And of course now we’ll be waiting to see how those wishes  come true…

The amazing adventures of the Armitage family continue in

Joan Aiken’s The Serial Garden

  Perfect Summer reading for all

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UK edition from Virago illustrated as here by Peter Bailey

US edition from Small Beer Press with pictures by Andi Watson

Andi Watson dragon

E.Nesbit and Joan Aiken – best loved classics

Nesbit & Aiken

The sincerest form of flattery…? Beware spoilers!

Joan Aiken and Edith Nesbit had a good deal in common – for a start they both lost their fathers at an early age, and later they also lost husbands, or found themselves the chief breadwinner of their family, struggling to feed children from their not always successful writing careers. Nesbit portrayed a mother in just this situation in The Railway Children, and it is striking that in this book, unlike in her more fantastic stories, there are no magical solutions. Having been an avid Nesbit reader since early childhood, Joan Aiken didn’t discover this Nesbit classic until much later:

JA Rwy Children1

There was for her an instant recognition of the straitened circumstances of the family, and of the poignant loss of the father; her mother was married to a struggling often absent writer, and losing a husband was something she was to discover for herself just a few years later, and so it was with enormous sympathy she wrote:

JA Rwy Children2JA Rwy Children3a

Joan Aiken, like Edith Nesbit was able to take the most poignant events of her life and transform them into stories, and also most tellingly, even into happy endings. By the time she had written her own most memorable classic The Wolves of Willoughby Chase, Joan Aiken had overcome the more desperate events of her early life and her writing career would take off with this book.

Perhaps because her own early reading had been so inspiring, and that particular happy ending was something she too had so strongly wished for, she was especially determined to have it come true for her own heroine, Bonnie Green.

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Read more about the astonishing background to Joan’s classic story here

and see more of Bill Bragg’s illustrations for the beautiful Folio Edition of ‘Wolves’ here

Look for a new edition of The Railway Children  from Virago

with original C.E.Brock illustrations as above

…and forgive Joan’s occasional typo – writing at speed!

All You’ve Ever Wanted – a Joan Aiken wish comes true!

The joys of Spring…but what if it just goes on giving?

One of Joan Aiken’s  ‘modern’ fairy tales, ‘All You’ve Ever Wanted’  is the title story in her first book,  and imagines an unfortunate orphan called Matilda who is showered with magical wishes that will keep coming true.  Think of the joys of spring  – so lovely at first when the garden is busting out all over, but what if it doesn’t stop…?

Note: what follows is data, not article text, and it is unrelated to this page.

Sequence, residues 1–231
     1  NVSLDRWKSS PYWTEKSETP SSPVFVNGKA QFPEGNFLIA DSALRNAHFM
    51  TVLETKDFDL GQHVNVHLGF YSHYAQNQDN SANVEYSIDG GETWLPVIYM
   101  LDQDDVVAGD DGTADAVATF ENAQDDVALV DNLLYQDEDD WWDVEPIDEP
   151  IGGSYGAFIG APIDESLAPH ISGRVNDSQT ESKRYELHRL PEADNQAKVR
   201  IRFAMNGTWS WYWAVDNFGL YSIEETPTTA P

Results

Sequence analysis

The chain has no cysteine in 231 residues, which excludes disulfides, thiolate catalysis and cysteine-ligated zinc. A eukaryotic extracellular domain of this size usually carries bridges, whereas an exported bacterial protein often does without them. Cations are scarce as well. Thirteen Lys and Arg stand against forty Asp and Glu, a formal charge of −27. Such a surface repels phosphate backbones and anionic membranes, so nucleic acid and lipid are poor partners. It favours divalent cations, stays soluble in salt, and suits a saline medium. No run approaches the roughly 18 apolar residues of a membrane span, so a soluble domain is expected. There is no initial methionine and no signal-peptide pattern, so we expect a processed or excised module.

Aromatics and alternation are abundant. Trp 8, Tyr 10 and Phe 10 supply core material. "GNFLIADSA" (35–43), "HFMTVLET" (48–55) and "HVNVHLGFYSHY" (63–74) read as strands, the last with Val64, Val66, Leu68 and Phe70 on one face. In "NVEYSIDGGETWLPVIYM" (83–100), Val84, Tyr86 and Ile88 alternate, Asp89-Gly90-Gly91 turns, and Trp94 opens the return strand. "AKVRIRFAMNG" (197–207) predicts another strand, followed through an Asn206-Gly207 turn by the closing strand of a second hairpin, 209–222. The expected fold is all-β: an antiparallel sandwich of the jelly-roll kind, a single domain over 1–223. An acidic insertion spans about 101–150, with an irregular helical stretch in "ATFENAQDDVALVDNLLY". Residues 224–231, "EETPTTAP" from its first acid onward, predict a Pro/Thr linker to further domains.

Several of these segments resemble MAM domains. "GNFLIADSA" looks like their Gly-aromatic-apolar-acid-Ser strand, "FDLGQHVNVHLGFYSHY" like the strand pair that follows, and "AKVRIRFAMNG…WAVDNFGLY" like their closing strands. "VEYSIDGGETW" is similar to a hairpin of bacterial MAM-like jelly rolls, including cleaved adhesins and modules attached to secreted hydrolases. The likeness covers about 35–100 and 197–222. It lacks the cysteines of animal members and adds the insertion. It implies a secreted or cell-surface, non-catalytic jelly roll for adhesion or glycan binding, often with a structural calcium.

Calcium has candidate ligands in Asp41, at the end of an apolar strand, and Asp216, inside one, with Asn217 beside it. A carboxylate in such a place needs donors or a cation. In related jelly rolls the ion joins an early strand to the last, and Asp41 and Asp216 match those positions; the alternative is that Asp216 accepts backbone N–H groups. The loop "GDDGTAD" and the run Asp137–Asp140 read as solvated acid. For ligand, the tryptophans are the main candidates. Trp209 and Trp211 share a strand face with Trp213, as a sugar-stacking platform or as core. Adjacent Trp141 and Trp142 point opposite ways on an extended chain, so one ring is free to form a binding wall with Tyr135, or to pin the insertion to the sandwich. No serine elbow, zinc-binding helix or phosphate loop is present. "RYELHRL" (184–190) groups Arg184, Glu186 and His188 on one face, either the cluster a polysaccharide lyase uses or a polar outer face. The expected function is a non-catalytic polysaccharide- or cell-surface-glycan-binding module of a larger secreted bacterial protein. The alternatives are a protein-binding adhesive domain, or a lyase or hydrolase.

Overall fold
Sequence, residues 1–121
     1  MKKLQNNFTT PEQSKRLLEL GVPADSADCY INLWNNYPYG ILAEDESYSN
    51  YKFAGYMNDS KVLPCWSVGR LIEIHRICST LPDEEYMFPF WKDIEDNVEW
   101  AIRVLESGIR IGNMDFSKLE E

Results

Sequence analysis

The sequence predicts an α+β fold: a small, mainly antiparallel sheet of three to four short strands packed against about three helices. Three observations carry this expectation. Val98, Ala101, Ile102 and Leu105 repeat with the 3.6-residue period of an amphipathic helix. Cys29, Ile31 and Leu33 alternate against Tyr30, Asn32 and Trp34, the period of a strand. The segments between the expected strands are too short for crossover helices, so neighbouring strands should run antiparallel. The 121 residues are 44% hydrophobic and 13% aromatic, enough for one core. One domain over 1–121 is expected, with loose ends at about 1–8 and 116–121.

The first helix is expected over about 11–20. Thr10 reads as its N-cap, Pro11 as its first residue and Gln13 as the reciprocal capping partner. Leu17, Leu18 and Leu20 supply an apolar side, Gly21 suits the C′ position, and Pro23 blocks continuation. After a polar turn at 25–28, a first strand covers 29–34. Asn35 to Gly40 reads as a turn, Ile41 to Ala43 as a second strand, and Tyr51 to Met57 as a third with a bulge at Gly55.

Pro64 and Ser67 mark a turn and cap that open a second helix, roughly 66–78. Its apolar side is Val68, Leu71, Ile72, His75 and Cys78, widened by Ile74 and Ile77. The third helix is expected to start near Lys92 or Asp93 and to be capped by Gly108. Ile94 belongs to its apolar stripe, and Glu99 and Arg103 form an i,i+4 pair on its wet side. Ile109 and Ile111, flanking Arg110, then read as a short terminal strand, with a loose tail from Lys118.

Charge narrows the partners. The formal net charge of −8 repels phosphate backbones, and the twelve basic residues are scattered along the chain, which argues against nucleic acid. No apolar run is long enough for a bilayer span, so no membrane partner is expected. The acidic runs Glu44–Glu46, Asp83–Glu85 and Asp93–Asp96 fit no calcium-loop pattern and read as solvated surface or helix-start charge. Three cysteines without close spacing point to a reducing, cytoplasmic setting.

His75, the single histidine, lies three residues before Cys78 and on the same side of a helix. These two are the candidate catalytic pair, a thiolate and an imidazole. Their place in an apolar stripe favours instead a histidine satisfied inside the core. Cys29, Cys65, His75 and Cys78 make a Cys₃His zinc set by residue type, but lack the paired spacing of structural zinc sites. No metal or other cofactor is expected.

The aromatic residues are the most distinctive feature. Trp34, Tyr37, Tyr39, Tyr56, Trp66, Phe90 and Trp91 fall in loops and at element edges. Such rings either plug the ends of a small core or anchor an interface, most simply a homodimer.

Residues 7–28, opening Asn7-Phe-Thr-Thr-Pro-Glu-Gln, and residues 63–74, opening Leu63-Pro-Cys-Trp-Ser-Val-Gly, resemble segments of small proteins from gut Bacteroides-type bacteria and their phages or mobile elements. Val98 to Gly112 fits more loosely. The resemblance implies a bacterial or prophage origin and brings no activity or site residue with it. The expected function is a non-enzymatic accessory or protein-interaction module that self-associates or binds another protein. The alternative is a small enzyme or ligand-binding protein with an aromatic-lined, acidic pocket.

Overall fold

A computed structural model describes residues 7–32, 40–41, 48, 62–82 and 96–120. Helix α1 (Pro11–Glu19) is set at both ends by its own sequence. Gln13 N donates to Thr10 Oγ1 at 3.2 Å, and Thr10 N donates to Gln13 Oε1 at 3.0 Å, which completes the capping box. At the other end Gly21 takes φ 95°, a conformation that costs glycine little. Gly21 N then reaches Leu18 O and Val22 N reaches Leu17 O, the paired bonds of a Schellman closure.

Every year Matilda receives a birthday wish couched in the usual flowery terms – ‘Each morning make another friend, who’ll be with you till light doth end…’ – sounds like an alarming premonition of the joys of facebook, where a possible 365 new friends’ birthdays may be signalled on your phone each morning?  But the most flowery tribute of all brings Matilda’s otherwise burgeoning career to an abrupt end.

That is, until her next birthday wish arrives:

Sadly resigning from her job, Matilda attempts in vain to contact Aunt Gertrude, ‘causing a good deal of confusion by the number of forget-me-nots she left lying around in the Post Office’ and soon realises that even her  journey home is going to be a nightmare:

Aunt Gertrude is finally run to ground when she spots a ten month old advertisement in The International Sorcerer’s Bulletin and rushes back from abroad to find her niece living in a summerhouse at the end of the garden armed with an axe to keep the worst of the foliage at bay… But there is one more unstoppable wish still to come for the poor girl’s twenty-first birthday:

Matilda now you’re twenty-one

May you have every sort of fun;

May you have all you’ve ever wanted,

And every future wish be granted.

Happily the by now all too experienced Matilda makes the most sensible wish of all: “I wish Aunt Gertie would lose her power of wishing” – but Aunt Gertie with her usual thoughtlessness has already granted her ‘All you’ve ever wanted’ so she has ‘quite a lot of rather inconvenient things to dispose of, including a lion cub and a baby hippopotamus…’

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This and many other delights is now available in Virago’s latest collection of Joan Aiken’s favourite stories

The Gift Giving

Read more about Joan Aiken’s Stories